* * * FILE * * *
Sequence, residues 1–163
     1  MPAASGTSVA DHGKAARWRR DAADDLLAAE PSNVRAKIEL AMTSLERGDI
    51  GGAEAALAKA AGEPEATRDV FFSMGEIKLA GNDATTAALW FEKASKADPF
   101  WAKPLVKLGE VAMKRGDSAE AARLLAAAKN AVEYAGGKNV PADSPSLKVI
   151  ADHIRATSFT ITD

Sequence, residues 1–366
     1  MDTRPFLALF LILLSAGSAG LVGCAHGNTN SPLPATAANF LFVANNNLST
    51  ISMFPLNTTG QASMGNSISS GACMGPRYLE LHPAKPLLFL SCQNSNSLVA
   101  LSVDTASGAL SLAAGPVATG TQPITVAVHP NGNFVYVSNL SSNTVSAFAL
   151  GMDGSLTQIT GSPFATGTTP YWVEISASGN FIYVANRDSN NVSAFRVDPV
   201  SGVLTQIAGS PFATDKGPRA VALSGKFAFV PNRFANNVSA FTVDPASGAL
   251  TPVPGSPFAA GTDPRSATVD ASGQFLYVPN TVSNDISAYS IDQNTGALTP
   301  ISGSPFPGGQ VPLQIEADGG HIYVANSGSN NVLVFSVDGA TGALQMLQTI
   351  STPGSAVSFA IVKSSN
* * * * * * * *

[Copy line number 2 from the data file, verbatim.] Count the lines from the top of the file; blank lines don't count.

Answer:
     1  MPAASGTSVA DHGKAARWRR DAADDLLAAE PSNVRAKIEL AMTSLERGDI